Buckle up. A trial date has been set for the PGA Tour's court showdown with LIV Golf.
If you wanted a quick end to this drama, then unfortunately you are going to be a little bit disappointed.
On Thursday afternoon, federal judge Beth Labson Freeman (who delivered this brutal line) set a tentative date for "summary judgment" for July 2023.
This, according to reports, is where the Tour will likely try and seek to dismiss the antitrust lawsuit. The actual trial date has been lodged for 8 January 2024.
GolfDigest report that LIV Golf's lawyers hoped for a summary next March, with a trial in August.
Another interesting aspect during Thursday's hearing is that PGA Tour lawyers have confirmed the lawsuit has dropped players.
Only nine names were mentioned with the need for discovery (pre-trial procedures).
Originally, 11 individuals were named as plaintiffs. Phil Mickelson and Bryson DeChambeau were the highest-profile names in the 105-page complaint.
Carlos Ortiz withdrew his name from the complaint before the first hearing last week. It is unknown why.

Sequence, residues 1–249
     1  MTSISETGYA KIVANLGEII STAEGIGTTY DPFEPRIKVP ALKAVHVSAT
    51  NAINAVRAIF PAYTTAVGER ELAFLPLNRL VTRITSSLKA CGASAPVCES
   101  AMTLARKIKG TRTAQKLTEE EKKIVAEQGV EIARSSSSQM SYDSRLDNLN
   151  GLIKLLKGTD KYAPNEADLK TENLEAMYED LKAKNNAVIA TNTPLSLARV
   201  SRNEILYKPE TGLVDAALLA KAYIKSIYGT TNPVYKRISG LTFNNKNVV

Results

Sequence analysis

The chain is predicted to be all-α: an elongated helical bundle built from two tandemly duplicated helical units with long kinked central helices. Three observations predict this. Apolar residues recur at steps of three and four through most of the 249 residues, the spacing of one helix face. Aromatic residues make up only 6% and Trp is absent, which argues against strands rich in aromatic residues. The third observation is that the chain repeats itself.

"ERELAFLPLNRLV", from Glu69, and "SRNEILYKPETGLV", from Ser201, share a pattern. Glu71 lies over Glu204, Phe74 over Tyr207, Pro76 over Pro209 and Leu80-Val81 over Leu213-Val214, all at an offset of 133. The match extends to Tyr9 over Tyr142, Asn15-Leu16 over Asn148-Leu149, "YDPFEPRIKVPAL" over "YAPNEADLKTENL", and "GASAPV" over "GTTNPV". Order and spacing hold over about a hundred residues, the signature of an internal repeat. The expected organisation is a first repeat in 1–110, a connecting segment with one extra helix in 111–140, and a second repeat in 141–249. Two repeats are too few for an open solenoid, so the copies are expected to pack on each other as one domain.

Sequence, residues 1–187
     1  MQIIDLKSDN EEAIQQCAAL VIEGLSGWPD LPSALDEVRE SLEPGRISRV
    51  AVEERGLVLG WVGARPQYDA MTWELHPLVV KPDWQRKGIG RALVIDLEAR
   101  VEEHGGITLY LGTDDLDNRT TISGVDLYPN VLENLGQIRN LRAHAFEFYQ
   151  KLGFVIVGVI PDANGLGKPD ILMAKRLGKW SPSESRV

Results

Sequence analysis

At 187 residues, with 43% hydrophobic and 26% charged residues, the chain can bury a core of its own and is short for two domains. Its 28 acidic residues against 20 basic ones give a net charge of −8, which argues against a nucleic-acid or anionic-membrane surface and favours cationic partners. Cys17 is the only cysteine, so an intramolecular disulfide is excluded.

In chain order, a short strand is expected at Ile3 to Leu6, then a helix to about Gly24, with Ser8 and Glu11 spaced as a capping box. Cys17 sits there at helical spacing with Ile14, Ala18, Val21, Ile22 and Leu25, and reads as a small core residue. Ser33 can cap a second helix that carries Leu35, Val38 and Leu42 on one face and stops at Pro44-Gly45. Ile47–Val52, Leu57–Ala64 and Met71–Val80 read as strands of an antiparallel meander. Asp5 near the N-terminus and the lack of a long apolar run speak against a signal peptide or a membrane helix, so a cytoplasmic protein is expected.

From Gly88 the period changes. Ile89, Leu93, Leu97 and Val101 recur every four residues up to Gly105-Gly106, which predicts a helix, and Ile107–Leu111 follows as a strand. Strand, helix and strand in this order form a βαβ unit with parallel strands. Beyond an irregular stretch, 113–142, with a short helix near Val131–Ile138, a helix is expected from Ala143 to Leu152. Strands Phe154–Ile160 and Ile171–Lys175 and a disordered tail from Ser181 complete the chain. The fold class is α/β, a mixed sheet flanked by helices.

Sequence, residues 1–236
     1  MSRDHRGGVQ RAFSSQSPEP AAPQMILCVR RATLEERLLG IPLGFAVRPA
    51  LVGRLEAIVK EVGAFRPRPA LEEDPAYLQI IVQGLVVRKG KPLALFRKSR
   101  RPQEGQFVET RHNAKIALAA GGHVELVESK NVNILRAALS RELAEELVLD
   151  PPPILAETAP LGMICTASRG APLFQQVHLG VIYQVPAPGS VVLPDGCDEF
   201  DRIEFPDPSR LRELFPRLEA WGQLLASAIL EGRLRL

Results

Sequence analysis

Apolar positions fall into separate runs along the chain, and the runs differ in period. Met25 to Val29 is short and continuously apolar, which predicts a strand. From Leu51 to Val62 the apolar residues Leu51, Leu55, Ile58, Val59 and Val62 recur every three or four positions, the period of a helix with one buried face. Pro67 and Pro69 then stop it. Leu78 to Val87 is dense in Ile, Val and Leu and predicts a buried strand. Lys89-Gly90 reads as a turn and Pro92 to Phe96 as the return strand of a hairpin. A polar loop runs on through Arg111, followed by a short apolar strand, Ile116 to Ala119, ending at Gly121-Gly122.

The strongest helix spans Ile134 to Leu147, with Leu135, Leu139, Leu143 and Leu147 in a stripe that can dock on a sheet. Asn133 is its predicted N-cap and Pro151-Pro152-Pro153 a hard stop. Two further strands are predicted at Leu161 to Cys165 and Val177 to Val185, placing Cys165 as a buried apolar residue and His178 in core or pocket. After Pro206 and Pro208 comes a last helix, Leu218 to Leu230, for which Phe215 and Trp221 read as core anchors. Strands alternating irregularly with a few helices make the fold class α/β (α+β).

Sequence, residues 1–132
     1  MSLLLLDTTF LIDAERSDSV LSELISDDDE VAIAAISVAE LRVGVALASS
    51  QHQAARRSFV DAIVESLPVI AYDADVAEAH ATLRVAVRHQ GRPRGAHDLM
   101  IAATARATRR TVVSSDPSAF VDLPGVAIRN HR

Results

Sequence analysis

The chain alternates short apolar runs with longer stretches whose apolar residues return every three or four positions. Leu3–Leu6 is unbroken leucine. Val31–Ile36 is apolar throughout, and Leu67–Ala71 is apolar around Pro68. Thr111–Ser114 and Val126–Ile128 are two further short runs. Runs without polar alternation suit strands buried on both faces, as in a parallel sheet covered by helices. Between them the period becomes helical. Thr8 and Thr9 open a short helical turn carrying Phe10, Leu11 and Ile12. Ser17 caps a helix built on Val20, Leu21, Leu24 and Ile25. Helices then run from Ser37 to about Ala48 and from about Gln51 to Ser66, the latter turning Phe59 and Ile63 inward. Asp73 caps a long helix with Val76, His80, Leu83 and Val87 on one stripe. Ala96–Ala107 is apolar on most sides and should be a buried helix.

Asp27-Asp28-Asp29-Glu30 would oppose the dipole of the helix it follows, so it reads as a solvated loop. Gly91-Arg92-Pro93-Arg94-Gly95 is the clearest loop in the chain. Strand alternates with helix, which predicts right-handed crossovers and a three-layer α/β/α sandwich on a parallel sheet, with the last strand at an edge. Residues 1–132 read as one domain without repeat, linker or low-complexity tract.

So who is the the other player who has withdrawn? Interesting times ahead.
The original complaint is centred around whether the PGA Tour have the legal right to suspend players for defecting to the Saudi-backed circuit.
The PGA Tour had an early legal victory last week when three LIV players, Talor Gooch, Hudson Swafford and Matt Jones were denied a temporary restraining order so they could compete in the FedEx Cup Playoffs.
The judge sided with the established American circuit.
When the written reasons for denying the motion were published, the judge remarked that if "LIV Golf was elite golf's future, then what to TRO plaintiffs (Swafford, Jones, Gooch) care about dust-collecting trophies of a bygone era?"